Build solidarity with workers in climate-critical industries. At the Drax Selby power station, 200+ job losses have been announced as coal is no longer profitable to burn. This is the sharp end of climate breakdown, where exploitation of workers and planet occur side by side. To fight back, we need to start the conversation with fossil-industry workers with solidarity. We need targeted campaigns encouraging class struggle against fossil fuel capitalism, making the positive case for a decarbonised society under workers control. Through political education and mobilisation for workplace struggles, the left should be encouraging 21st century Lucas-plan style organising for a just transition. Rank and file union members in affected industries should be empowered to lead retraining for socially useful, sustainable work. 

Not only can these campaigns make active steps to decarbonise the economy, but they can make a material difference to workers otherwise left on the frontline of the climate crisis, and thus win more people to our cause. There will be many more examples like Drax Selby in the coming years, Momentum should be ready to engage the rank and file for a worker-led just transition.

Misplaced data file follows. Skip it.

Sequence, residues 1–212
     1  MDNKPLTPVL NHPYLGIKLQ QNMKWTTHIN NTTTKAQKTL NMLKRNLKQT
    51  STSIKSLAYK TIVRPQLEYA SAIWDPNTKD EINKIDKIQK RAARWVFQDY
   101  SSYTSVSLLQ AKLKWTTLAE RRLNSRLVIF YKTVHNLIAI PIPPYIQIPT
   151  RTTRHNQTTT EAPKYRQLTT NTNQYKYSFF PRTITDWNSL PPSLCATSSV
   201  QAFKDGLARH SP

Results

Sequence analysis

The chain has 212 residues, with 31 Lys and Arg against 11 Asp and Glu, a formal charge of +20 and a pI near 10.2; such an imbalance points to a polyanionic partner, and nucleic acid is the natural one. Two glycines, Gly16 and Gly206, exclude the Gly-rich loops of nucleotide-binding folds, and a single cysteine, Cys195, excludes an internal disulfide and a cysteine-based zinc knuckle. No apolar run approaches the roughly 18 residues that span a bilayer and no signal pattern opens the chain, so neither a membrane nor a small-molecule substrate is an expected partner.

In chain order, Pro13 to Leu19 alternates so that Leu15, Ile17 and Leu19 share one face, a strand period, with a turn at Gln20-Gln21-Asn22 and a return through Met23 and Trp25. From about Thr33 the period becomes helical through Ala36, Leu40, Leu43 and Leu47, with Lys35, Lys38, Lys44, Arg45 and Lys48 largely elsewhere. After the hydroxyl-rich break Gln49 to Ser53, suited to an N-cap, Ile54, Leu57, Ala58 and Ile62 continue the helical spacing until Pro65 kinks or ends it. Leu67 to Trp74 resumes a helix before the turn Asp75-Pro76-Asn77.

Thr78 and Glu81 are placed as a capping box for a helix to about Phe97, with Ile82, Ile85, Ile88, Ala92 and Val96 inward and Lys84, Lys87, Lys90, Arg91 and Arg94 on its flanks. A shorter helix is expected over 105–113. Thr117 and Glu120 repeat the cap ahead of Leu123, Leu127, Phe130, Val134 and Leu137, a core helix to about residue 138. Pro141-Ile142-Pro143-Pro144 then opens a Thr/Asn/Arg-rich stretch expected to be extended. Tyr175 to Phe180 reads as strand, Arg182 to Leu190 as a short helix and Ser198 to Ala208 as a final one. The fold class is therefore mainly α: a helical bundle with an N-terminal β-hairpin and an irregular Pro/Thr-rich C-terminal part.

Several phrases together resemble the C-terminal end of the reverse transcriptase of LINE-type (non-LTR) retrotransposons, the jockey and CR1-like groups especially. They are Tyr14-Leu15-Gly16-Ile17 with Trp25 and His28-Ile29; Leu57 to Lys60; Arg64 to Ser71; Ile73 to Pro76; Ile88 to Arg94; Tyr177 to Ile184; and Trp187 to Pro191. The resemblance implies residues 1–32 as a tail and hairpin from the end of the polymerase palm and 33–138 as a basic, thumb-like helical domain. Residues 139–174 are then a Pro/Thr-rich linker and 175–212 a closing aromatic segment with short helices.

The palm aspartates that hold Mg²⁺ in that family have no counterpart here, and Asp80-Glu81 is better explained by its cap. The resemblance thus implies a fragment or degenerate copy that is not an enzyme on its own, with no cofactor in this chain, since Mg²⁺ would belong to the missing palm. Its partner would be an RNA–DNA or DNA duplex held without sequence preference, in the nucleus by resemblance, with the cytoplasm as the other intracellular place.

Make political demands. Beyond movement building and workplace struggles, we must keep in sight the big political demands needed to rearrange our society for a socialist Green New Deal. We should hold the Labour leadership to account over the Green New Deal policy passed at 2019 conference, and make further demands such as those passed by FBU conference. In particular we should remain vocal on the following: